STATE COLLEGE, Pa. (AP) — Penn State fans cheered their football team Saturday as it walked into Beaver Stadium for the first time in 46 years without Joe Paterno as its coach. The normally low-key Jay Paterno, Joe’s son and a quarterbacks coach, pumped his fist and shouted, “Let’s go!”
Athletes often talk of the playing field being their sanctuary, the one place they can go to shut out the distractions — good and bad — of real life.
If ever a team and its fans needed an escape, it is Penn State.
Still reeling from the child sex-abuse scandal involving former assistant Jerry Sandusky that has rocked Penn State to its very core and cost the elder Paterno his job, the Nittany Lions’ game against Nebraska was set up to be part pep rally, part cleansing.
Jay Paterno high-fived passers-by on the way into the stadium while other players and staff members seemed to be tearing up. Three players wore shirts that read “Joe Knows Football.”
Longtime assistant turned interim coach Tom Bradley promised in an on-field interview with ESPN that the Nittany Lions would play hard and represent Penn State well.
But this Saturday is about more than football.
It’s about picking up the pieces.
Sandusky, once considered Paterno’s heir apparent, is accused of sexually abusing eight boys over a 15-year span, with several of the alleged assaults occurring on Penn State property. Two university officials are accused of perjury, and Paterno and president Graham Spanier were fired for not doing enough to prevent the alleged abuse.
“We are obviously in a very unprecedented situation,” Bradley said Thursday. “I just have to find a way to restore the confidence and to start a healing process with everybody.”
The scandal would be damaging enough to a university that prides itself on its integrity. That it involved Paterno, major college football’s winningest coach and the man who’d come to symbolize all that was good at Penn State, made it that much worse.
Thousands of angry students paraded through the streets after Paterno was fired Wednesday night, some throwing rocks and bottles and tipping over a TV news van.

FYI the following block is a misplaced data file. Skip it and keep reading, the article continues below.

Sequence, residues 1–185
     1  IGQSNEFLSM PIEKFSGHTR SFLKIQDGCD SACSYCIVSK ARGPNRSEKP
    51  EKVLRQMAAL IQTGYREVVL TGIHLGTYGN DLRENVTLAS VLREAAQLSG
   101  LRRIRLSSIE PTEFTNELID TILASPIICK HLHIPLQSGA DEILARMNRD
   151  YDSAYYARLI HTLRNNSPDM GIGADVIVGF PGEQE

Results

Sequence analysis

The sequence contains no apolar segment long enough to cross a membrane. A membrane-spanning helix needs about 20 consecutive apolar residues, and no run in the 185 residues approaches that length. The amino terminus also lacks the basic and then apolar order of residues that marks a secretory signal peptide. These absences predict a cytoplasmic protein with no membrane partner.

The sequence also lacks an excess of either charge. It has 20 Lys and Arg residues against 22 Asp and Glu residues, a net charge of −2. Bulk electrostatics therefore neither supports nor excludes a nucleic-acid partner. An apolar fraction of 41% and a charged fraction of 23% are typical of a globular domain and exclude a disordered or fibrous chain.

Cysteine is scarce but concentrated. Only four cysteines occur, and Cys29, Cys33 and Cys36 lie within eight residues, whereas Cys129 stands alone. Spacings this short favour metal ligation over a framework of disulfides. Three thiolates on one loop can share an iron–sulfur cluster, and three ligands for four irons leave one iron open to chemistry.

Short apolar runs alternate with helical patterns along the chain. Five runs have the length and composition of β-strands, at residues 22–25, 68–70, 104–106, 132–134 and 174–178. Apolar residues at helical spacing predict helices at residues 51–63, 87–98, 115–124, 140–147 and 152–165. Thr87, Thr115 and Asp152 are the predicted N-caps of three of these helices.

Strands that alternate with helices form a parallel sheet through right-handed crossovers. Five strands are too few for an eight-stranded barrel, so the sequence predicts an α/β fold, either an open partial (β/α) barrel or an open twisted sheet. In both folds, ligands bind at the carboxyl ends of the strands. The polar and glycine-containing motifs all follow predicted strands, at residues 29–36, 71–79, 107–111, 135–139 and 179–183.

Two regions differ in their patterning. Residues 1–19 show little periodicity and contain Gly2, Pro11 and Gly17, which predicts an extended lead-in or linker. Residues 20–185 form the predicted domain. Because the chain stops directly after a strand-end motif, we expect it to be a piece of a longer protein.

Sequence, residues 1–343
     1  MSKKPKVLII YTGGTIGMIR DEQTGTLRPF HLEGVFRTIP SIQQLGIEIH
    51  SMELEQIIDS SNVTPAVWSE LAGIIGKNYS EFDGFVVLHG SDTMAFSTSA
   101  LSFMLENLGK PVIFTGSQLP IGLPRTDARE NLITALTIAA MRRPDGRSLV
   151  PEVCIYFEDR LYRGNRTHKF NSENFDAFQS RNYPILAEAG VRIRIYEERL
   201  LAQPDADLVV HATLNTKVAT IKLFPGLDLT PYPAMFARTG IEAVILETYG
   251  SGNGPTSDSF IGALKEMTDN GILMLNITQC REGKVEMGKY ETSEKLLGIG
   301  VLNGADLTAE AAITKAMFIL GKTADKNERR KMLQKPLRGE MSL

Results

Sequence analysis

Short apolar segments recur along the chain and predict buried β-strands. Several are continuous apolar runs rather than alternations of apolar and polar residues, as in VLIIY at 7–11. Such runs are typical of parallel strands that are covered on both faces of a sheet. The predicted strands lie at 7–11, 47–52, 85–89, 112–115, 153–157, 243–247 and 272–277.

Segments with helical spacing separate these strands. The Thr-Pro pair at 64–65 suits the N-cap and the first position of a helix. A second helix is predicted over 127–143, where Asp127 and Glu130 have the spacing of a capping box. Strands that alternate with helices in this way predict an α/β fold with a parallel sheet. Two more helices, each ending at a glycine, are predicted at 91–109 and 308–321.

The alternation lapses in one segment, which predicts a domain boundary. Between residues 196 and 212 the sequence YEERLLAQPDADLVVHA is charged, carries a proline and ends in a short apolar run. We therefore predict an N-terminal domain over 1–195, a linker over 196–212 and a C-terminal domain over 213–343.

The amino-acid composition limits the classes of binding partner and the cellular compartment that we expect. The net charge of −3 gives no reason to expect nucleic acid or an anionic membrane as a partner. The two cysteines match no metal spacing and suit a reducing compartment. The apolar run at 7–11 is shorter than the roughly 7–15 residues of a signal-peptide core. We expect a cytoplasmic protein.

“Having (Paterno) taken away from us made us feel lost,” Leah Blasko, a junior from Pittsburgh, said at the candle light vigil held Friday night as a show of support for the alleged victims. “Tonight really gave us a place to put ourselves back together.”
Saturday’s game will be another step.
Instead of the usual “whiteout,” Beaver Stadium was expected to be awash in blue in a sign of support for the alleged victims. Donations for two child-abuse prevention organizations are being accepted at the stadium gates. Other fundraisers taking place have already raised more than $200,000.
“We are supporting the victims,” said Kristie Winiarski, a senior from Doylestown, Pa., who was selling homemade baked goods Friday to raise money for Prevent Child Abuse Pennsylvania. “We want to show the world we can do more than riot.”
Others had a message that also was supportive of abuse victims, but not school adminstrators. A plane overhead pulled a sign overhead in red “Cry for the Kids Not the Cowards & Liars.”
State College police Capt. John Gardner promised a heavy police presence to deter a recurrence of the violence that occurred Wednesday night. There were already signs of it Friday night, with police officers walking up and down Beaver Avenue, a street popular with students because of its bars and restaurants.
On Saturday, mounted police patrolled outside a stadium gate — a rare if not unprecedented sight at Beaver Stadium.
Gardner said he does not anticipate any problems.
“I’ve got a lot of faith in the vast majority of Penn State and I think they’re going to do the right thing,” he said. “Come out, show support for the victims of this terrible scandal and enjoy themselves at a football game.”
One person not expected to be there is Paterno, who has stayed out of sight since Wednesday night.
“That’s Joe Paterno’s decision,” new Penn State president Rod Erickson said Friday when asked if he expected Paterno at the game. “Clearly he’s welcome to come, as any other member of the public would be.”
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